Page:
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What is age but a number?

Roisin Mallon
The need for age discrimination protection in relation to goods, facilities and services.
Blog article by Roisin Mallon, Senior Policy Manager, Equality Commission NI






For many people age is just a number – though it is also an annual reminder of how far we have come in the last year and of how quickly our lives pass.  In equality law there is another dimension to it - age is one of the grounds on which people are protected against discrimination in employment.

Roisin MallonThat means that your employer can’t force you to retire just because you are 63, for example, this happened to Gloria Dunbar who, with the Commission’s assistance, took a case and successfully settled it against her employer. And it means that a business which advertises to recruit someone with ‘youthful enthusiasm’ might end up in Tribunal losing an age discrimination case – as one company found in the case brought by Terry McCoy, also supported by the Commission, who was the first person to win an age discrimination case in the Northern Ireland Industrial Tribunal.

In the rest of the UK the law also covers age discrimination in the provision of goods, facilities and services, as well as in the workplace. Not in Northern Ireland, however, where age discrimination law applies only to employment. That means we do not have legal protection from age discrimination in a wide range of areas such as health and social care, accessing financial services or transport provision.

In Great Britain, age discrimination protection in relation to goods, facilities and service has applied to everyone over the age of 18 since 2010. In the Northern Ireland Executive’s Programme for Government 2012-15, there was a commitment to deal with this issue and extend the scope of age discrimination law. Proposals for legislation went out to consultation in 2015, but no law has yet been introduced.

This has left people in Northern Ireland without legal protection in a number of areas where it has been shown that real difficulties exist. People, often older and more vulnerable, are being treated in a discriminatory way due to their age in areas such as health and social care, and there are concerns about restricted access due to age to some financial services, such as insurance.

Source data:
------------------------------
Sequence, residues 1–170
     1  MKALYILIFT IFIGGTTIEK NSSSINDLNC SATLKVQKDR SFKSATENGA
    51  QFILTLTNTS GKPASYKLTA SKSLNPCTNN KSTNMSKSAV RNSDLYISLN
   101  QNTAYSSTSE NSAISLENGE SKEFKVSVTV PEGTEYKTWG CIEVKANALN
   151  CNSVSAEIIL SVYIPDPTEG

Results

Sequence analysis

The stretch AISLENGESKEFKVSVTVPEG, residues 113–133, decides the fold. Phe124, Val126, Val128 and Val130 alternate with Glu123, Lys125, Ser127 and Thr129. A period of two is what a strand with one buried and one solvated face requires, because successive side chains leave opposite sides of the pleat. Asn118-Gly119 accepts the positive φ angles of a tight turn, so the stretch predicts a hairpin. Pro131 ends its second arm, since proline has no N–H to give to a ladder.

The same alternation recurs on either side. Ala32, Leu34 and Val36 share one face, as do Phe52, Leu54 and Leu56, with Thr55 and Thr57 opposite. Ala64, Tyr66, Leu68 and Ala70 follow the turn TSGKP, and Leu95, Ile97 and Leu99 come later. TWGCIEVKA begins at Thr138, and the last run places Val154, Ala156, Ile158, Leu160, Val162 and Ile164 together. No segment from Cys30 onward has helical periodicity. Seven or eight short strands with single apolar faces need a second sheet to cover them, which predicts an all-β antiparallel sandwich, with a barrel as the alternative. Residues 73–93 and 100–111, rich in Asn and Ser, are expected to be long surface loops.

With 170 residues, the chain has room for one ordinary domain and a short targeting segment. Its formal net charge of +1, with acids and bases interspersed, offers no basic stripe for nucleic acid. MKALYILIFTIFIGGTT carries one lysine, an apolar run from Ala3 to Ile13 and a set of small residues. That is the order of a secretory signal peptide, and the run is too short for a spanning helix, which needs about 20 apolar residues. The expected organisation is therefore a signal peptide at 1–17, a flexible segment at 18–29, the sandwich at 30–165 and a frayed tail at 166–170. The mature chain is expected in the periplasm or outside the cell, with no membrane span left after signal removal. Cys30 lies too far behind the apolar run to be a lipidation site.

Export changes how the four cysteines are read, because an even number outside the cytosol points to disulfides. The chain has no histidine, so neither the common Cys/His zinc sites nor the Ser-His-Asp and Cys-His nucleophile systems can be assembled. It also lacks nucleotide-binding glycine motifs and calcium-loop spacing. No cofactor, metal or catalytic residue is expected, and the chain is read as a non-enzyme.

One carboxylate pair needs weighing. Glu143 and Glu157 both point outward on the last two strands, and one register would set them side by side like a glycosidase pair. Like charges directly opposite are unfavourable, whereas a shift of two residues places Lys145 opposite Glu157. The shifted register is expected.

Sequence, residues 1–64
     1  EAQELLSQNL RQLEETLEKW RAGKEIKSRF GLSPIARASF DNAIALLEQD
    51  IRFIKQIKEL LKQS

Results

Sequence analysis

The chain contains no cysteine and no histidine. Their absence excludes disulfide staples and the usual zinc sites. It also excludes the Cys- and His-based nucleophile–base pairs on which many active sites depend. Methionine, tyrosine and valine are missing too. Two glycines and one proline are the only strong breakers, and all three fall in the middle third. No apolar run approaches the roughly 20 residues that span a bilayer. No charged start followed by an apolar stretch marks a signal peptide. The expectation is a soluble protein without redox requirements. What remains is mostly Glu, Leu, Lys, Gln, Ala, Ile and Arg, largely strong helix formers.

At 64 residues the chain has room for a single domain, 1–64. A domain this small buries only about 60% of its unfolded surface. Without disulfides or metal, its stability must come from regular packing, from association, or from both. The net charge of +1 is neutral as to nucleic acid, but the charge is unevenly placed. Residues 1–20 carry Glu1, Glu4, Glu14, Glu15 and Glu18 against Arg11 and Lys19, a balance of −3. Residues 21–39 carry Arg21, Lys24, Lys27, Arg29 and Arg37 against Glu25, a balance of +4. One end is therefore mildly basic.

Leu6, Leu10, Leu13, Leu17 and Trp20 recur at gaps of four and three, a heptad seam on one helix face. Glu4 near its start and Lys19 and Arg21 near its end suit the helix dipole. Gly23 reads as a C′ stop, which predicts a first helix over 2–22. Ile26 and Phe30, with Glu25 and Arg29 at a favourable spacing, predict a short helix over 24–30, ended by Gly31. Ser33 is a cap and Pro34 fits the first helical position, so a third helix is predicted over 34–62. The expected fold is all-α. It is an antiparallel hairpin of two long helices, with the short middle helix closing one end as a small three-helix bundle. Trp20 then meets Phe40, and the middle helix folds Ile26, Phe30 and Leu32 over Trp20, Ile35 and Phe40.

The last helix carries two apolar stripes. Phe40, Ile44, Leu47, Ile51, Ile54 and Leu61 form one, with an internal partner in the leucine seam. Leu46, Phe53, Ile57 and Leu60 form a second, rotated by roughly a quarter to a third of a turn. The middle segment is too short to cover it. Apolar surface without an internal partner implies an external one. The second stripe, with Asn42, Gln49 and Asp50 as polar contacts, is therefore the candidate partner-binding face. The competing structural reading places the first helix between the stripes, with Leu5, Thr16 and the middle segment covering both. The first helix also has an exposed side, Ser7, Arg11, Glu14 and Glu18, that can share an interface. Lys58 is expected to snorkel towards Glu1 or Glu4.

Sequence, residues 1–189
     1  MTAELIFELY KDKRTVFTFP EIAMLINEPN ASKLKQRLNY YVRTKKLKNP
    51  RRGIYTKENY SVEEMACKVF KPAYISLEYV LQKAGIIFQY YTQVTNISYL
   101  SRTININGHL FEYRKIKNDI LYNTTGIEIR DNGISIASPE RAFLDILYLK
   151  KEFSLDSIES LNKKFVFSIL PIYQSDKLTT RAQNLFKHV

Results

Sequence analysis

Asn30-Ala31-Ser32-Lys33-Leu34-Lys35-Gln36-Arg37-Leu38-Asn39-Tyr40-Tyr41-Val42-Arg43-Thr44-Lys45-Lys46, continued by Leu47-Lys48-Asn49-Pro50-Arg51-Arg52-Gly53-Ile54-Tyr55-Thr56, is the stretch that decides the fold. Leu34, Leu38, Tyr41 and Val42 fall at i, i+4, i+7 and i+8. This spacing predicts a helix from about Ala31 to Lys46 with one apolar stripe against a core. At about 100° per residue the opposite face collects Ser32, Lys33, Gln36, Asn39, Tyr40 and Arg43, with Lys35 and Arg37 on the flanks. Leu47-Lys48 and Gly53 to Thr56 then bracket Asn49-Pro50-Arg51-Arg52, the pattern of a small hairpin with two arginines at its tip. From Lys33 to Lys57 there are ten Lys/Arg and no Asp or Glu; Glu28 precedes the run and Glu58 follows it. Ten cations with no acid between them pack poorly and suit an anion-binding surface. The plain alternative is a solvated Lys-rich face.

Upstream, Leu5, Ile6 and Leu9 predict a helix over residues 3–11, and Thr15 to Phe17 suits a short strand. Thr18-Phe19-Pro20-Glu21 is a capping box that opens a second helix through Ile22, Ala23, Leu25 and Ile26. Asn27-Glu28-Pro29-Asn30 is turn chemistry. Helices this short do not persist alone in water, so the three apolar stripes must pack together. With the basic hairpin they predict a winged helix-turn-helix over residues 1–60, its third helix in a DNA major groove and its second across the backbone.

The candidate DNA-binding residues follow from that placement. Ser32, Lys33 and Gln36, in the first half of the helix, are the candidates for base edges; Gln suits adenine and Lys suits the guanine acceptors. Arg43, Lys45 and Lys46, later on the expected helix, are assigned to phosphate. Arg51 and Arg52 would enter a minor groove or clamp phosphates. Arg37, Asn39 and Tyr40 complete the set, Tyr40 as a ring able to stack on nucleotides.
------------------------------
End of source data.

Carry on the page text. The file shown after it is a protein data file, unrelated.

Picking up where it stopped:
Though the law in Great Britain applies only to  those over 18, the Equality Commission NI, the Northern Ireland Commissioner for Children and Young People, The Commissioner for Older People for Northern Ireland and other groups have called for the law to protect everyone, without an age limit, as people of all ages can experience discrimination in accessing goods and services.

Such legislation would not supersede any pre-existing legislation so, for example, age restrictions on purchasing products and services like alcohol, tobacco and tattoos would still be lawful. The law could also allow more favourable terms in the provision of products or services for people of different ages where this is justified; for example, free bus passes for those aged over 60 or discounted rail travel for young people.

Our society is - and always will be - made up of a mix of people of all ages. The law should ensure that each one of us is treated fairly, regardless of our age, and not denied the opportunity to fulfil our potential, because of our age. Why should people in Northern Ireland have less protection against age discrimination than those in Great Britain?

It is the only one of the equality grounds which does not have protection against discrimination in the areas of goods, facilities and services. The Commission believes strongly that there should be similar protection on grounds of age as we already have on grounds of religion and political opinion, race, disability, sexual orientation and gender.
 
Posted on 17 Oct 2017 by Roisin Mallon